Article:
1 2 3 4 Continue reading

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Integrity and Wholeness

(Message given at Newberg Friends Church on February 1, 2015)

Do you ever look at a word, and stare at it, and then all of a sudden the letters just make no sense any more? It just looks weird and wrong?

Pageant. Pageant did that to me recently. Page ant. An ant that’s a page? Like a medieval knight attendant ant who gets stuff for you? Or origami, like an ant made out of a page from a book? Pay-gent. P-agent. Like an agent who gets paid? Look at it too long, and eventually all meaning just flies out the window.

Honestly, this is the perfect analogy for what seems to be happening to me at the end of the sermon on the mount. The harder I look at Jesus’ words, the weirder it gets and the more confused I am. This can cause problems, say, when you come home on a Friday night and try to talk about your day with your wife, while in the kitchen, say, and everything she might hypothetically say to try and help you out, you might hypothetically argue with Every. Single. Thing. she says.

“Pageant.” “BUT IT COULD BE PAGE-ANT!” “Pageant, a show, a gala, an extravaganza.” “IT COULD BE PAY-GENT!!!”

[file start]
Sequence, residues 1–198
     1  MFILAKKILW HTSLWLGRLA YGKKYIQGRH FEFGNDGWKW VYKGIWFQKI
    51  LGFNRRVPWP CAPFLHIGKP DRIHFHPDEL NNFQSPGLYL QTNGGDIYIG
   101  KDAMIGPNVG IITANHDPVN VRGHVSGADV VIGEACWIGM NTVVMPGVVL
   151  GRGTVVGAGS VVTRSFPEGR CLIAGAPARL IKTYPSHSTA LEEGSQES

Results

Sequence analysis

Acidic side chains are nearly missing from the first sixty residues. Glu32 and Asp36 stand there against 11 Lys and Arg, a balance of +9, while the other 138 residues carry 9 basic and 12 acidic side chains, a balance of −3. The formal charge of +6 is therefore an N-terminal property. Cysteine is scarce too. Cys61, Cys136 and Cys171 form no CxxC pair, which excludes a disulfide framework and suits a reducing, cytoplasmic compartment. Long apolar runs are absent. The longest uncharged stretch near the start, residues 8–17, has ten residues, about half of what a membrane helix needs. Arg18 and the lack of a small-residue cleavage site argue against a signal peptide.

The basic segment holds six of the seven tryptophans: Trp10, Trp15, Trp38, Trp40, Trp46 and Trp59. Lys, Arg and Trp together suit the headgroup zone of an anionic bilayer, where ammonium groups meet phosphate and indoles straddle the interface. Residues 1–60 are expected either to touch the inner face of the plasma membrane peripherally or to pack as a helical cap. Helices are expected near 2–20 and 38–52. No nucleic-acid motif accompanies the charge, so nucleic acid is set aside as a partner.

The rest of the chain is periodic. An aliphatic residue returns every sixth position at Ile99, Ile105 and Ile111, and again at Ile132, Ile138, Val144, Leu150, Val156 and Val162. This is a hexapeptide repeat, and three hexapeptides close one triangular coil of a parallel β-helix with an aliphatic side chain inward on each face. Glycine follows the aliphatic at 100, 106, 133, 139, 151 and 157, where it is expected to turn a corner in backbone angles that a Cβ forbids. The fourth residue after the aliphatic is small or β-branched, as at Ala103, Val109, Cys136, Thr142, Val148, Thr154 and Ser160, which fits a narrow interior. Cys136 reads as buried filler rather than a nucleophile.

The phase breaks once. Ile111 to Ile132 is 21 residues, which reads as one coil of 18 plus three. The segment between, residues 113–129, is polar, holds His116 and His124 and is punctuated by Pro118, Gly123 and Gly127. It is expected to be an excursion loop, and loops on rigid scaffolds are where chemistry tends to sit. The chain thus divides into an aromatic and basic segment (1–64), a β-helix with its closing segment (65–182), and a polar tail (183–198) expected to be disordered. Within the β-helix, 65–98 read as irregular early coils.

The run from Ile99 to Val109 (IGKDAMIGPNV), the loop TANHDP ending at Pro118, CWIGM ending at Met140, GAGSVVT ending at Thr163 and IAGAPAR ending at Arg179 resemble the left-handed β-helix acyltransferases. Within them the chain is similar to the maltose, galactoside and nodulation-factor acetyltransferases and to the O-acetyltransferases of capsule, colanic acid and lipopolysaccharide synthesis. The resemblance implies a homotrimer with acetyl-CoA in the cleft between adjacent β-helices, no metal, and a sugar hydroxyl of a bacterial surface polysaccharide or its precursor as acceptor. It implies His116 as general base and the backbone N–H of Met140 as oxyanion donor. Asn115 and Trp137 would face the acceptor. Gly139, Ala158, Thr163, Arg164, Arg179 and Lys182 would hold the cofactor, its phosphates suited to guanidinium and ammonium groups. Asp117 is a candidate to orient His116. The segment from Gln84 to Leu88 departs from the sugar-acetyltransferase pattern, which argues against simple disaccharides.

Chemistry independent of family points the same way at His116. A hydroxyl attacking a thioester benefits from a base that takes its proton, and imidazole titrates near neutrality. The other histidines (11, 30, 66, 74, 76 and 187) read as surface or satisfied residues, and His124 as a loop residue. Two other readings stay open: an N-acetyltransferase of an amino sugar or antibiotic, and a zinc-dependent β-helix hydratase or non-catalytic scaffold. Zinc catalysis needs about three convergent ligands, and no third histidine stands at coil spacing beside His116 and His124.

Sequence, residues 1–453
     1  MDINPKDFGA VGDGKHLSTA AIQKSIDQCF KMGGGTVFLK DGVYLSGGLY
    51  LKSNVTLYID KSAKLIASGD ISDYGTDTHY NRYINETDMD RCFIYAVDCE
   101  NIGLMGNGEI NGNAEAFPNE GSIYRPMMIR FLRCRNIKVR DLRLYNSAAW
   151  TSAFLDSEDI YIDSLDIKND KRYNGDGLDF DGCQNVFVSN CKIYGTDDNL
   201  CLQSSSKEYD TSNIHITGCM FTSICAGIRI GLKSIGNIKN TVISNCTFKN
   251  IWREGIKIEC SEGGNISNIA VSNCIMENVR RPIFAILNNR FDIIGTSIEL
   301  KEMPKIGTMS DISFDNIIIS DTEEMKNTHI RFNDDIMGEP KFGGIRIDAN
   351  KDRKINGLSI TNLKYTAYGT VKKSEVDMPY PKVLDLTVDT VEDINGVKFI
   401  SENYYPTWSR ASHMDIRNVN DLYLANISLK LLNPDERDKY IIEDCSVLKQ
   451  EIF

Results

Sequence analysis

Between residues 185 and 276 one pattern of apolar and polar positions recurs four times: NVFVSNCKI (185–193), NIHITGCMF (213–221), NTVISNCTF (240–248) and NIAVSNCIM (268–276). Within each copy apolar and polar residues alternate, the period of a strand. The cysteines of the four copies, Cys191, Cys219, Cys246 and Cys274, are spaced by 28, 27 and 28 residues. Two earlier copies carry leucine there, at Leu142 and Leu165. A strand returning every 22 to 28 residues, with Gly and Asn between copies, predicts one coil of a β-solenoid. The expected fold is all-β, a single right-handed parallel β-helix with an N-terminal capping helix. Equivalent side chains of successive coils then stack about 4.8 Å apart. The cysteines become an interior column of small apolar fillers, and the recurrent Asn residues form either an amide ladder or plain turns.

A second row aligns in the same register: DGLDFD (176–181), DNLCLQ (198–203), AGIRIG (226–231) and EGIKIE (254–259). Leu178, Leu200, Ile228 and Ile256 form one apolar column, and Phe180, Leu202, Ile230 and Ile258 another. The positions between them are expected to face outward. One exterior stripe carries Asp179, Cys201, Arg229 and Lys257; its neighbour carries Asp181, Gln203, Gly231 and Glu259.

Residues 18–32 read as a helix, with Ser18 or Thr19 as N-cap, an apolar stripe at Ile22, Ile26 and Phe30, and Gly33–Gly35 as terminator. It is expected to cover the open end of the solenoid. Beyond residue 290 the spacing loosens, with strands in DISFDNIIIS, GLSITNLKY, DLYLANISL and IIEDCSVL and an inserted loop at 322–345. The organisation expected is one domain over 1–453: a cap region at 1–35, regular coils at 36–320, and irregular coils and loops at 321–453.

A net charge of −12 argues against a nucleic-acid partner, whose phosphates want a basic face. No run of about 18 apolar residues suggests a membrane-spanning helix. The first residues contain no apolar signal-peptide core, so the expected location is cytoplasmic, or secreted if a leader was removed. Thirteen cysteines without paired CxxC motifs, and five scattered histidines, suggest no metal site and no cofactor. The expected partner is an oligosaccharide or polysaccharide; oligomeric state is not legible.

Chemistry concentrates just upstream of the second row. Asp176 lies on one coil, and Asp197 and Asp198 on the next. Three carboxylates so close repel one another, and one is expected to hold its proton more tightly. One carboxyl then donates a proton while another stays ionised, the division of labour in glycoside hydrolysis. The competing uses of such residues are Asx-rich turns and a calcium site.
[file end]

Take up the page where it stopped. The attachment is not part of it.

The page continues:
Hypothetically, this could be symbolic and illustrative. Continue reading

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Distilling the Sermon on the Mount

(As part of today’s message, I tried to interpret and condense the Sermon on the Mount. Several people asked for a copy, so I’m putting it here on the blog. Read for yourself in Matthew 5-7 and see if it works for you.)

Here is my expression of what Jesus teaches:

Chapter 5

You poor ones, you lacking ones, you meek ones, you ones full of need and grief: you are blessed. You will be blessed! Blessing comes when you go “all in” with me, even if others attack you for it. When you go “all in” with me, you flavor the world. You light it up. A better way to say it is, you are the channel through which my flavor and my light get expressed in the world. I am the fruit that will come out of you, when you dig your roots into me.

I’m not throwing out all the rules and actions and instructions God gave earlier. In fact I’m calling you beyond the letter of the law to a higher standard of mercy and love. It’s a difficult call I am placing on you, one which will require sacrifice from you. But I’m going to offer the biggest sacrifice. I am going to out-give you, out-love you, out-grace you, out-forgive you. I’m setting the example and the standard and I’m inviting you not to just get by, not to just be better than other people, not to find a passing grade on the commandments. I’m asking you to be as giving and loving and forgiving as your heavenly Father is.

Chapter 6

But don’t do this stuff to impress others. Don’t try to impress me or God’s people with your resume of spiritual activities. Trust that God sees what you do and loves you– even if no one else notices. Talk to God. And when you do, put God in the rightful place; worship God, honor God’s name.